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Respir Med. 2010 Aug;104(8):1189-96. doi: 10.1016/j.rmed.2009.10.030. Epub 2010 Mar 3.

Chronic obstructive pulmonary disease in older persons: A comparison of two spirometric definitions.

Author information

1
Yale University School of Medicine, Department of Internal Medicine, New Haven, CT 06516, USA. carlos.fragoso@yale.edu

Abstract

BACKGROUND:

Among older persons, we previously endorsed a two-step spirometric definition of chronic obstructive pulmonary disease (COPD) that requires a ratio of forced expiratory volume in 1sec to forced vital capacity (FEV(1)/FVC) below .70, and an FEV(1) below the 5th or 10th standardized residual percentile ("SR-tile strategy").

OBJECTIVE:

To evaluate the clinical validity of an SR-tile strategy, compared to a current definition of COPD, as published by the Global Initiative for Obstructive Lung Disease (GOLD-COPD), in older persons.

METHODS:

We assessed national data from 2480 persons aged 65-80 years. In separate analyses, we evaluated the association of an SR-tile strategy with mortality and respiratory symptoms, relative to GOLD-COPD. As per convention, GOLD-COPD was defined solely by an FEV(1)/FVC<.70, with severity staged according to FEV(1) cut-points at 80 and 50 percent predicted (%Pred).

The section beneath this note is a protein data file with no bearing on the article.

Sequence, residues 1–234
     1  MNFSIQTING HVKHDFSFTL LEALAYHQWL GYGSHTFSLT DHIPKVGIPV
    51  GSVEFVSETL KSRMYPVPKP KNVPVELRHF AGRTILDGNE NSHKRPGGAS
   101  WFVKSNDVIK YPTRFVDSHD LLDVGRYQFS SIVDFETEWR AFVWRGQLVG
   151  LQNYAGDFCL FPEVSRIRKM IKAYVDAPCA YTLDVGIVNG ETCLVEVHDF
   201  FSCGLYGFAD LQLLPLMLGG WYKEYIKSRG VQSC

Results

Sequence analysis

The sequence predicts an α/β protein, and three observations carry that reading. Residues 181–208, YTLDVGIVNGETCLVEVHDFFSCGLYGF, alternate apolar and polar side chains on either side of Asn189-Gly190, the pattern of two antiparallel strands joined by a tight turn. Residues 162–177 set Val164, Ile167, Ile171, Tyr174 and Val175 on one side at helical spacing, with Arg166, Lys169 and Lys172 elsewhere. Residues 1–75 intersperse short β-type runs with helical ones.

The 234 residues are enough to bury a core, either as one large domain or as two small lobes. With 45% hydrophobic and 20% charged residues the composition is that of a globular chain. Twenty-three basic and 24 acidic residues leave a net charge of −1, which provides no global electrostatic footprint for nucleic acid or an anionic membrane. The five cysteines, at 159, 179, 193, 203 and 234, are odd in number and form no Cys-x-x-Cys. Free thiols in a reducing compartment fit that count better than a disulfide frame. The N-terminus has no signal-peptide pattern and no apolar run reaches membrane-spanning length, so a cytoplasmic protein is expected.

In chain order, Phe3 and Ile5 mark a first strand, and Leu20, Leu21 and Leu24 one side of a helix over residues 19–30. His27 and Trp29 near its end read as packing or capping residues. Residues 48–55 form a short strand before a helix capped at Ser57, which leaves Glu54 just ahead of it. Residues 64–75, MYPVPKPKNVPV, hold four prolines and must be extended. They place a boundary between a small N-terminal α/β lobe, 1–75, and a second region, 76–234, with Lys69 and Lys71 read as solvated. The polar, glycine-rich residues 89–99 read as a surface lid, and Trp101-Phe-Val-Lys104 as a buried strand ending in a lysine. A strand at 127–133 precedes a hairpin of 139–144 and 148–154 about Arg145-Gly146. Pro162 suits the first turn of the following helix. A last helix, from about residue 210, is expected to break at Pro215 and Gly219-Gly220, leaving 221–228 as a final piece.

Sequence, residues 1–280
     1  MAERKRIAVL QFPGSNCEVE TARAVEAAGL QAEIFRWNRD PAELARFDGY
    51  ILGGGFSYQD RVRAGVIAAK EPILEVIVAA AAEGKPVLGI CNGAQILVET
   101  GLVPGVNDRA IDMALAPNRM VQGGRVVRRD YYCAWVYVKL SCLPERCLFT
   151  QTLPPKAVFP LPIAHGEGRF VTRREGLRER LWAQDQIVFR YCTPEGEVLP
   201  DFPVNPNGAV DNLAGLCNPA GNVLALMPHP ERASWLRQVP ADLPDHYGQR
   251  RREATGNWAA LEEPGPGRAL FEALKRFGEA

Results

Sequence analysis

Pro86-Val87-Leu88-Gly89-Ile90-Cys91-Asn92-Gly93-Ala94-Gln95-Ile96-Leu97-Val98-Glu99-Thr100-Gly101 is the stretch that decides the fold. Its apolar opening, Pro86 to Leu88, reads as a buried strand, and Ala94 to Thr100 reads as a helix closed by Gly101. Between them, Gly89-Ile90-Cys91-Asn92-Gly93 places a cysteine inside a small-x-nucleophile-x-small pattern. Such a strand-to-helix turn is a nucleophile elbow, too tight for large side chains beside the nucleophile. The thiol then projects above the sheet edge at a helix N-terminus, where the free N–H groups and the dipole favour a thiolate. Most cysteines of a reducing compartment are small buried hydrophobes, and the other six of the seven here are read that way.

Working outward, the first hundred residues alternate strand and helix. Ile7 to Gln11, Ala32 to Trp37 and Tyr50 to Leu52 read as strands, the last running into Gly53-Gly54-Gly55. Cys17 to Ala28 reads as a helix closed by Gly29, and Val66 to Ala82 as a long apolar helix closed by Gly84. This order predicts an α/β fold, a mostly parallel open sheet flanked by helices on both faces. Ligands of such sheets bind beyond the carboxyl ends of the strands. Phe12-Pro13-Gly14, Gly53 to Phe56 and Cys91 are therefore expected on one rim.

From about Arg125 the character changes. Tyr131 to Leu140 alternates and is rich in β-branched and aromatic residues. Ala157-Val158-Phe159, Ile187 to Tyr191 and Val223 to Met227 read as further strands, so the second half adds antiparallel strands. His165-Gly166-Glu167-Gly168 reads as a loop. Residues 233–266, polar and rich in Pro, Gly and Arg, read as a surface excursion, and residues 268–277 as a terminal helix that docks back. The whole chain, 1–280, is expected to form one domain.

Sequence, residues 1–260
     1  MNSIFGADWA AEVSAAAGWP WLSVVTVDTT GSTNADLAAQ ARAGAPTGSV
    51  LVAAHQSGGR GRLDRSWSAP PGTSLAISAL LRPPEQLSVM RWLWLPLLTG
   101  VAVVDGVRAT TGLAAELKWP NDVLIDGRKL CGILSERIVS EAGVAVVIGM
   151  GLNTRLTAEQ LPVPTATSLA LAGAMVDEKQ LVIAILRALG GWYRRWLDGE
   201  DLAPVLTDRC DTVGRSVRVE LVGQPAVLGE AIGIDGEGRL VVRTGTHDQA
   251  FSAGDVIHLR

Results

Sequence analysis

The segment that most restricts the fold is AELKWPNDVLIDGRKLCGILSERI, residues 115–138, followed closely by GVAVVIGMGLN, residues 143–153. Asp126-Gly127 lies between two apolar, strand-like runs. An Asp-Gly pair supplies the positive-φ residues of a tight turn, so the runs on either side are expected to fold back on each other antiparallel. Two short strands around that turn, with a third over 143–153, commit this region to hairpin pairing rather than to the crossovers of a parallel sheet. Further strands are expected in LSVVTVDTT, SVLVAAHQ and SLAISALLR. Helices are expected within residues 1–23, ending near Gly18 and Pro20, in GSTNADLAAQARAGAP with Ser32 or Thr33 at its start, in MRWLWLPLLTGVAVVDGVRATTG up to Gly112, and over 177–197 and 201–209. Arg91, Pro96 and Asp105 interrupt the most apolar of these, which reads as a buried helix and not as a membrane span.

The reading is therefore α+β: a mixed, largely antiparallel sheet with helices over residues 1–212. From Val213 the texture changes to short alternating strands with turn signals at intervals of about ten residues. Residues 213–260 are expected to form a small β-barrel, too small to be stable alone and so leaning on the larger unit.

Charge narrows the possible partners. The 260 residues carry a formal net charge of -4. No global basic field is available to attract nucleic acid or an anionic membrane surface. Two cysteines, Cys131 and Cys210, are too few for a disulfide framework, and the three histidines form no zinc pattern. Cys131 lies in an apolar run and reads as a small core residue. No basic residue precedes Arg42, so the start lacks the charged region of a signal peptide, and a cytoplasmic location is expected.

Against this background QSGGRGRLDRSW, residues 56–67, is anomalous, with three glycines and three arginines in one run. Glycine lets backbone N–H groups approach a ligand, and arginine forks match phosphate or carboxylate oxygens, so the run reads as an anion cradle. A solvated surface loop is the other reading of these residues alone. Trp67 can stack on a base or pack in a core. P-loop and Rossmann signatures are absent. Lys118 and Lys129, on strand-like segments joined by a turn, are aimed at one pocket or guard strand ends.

RESULTS:

Among 831 participants with GOLD-COPD, the risk of death was elevated only in 179 (21.5%) of those who also had an FEV(1)<5th SR-tile; and the odds of having respiratory symptoms were elevated only in 310 (37.4%) of those who also had an FEV(1)<10th SR-tile. In contrast, GOLD-COPD staged at an FEV(1) 50-79%Pred led to misclassification (overestimation) in terms of 209 (66.4%) and 77 (24.6%) participants, respectively, not having an increased risk of death or likelihood of respiratory symptoms.

CONCLUSION:

Relative to an SR-tile strategy, the majority of older persons with GOLD-COPD had neither an increased risk of death nor an increased likelihood of respiratory symptoms. These results raise concerns about the clinical validity of GOLD guidelines in older persons.

PMID:
20199857
PMCID:
PMC2890041
DOI:
10.1016/j.rmed.2009.10.030
[Indexed for MEDLINE]
Free PMC Article
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